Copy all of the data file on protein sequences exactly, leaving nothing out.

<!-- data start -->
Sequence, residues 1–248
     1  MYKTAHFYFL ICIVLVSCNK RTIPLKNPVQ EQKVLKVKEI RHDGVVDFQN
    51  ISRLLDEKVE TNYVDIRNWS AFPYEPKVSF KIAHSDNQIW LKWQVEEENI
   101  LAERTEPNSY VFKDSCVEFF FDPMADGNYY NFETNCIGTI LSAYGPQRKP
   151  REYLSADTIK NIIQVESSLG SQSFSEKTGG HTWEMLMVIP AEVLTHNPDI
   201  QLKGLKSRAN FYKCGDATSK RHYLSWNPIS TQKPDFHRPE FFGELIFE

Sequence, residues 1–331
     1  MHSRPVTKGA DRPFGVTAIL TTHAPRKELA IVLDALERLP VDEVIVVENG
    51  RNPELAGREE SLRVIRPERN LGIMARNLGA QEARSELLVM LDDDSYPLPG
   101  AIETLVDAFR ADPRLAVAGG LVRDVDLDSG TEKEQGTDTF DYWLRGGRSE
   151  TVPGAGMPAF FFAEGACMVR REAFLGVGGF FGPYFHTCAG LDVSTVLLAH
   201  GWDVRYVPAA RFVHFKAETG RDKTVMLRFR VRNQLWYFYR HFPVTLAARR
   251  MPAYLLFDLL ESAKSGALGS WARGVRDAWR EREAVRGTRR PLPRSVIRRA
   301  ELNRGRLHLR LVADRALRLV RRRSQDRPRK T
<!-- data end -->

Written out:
Sequence, residues 1–248
     1  MYKTAHFYFL ICIVLVSCNK RTIPLKNPVQ EQKVLKVKEI RHDGVVDFQN
    51  ISRLLDEKVE TNYVDIRNWS AFPYEPKVSF KIAHSDNQIW LKWQVEEENI
   101  LAERTEPNSY VFKDSCVEFF FDPMADGNYY NFETNCIGTI LSAYGPQRKP
   151  REYLSADTIK NIIQVESSLG SQSFSEKTGG HTWEMLMVIP AEVLTHNPDI
   201  QLKGLKSRAN FYKCGDATSK RHYLSWNPIS TQKPDFHRPE FFGELIFE

Sequence, residues 1–331
     1  MHSRPVTKGA DRPFGVTAIL TTHAPRKELA IVLDALERLP VDEVIVVENG
    51  RNPELAGREE SLRVIRPERN LGIMARNLGA QEARSELLVM LDDDSYPLPG
   101  AIETLVDAFR ADPRLAVAGG LVRDVDLDSG TEKEQGTDTF DYWLRGGRSE
   151  TVPGAGMPAF FFAEGACMVR REAFLGVGGF FGPYFHTCAG LDVSTVLLAH
   201  GWDVRYVPAA RFVHFKAETG RDKTVMLRFR VRNQLWYFYR HFPVTLAARR
   251  MPAYLLFDLL ESAKSGALGS WARGVRDAWR EREAVRGTRR PLPRSVIRRA
   301  ELNRGRLHLR LVADRALRLV RRRSQDRPRK T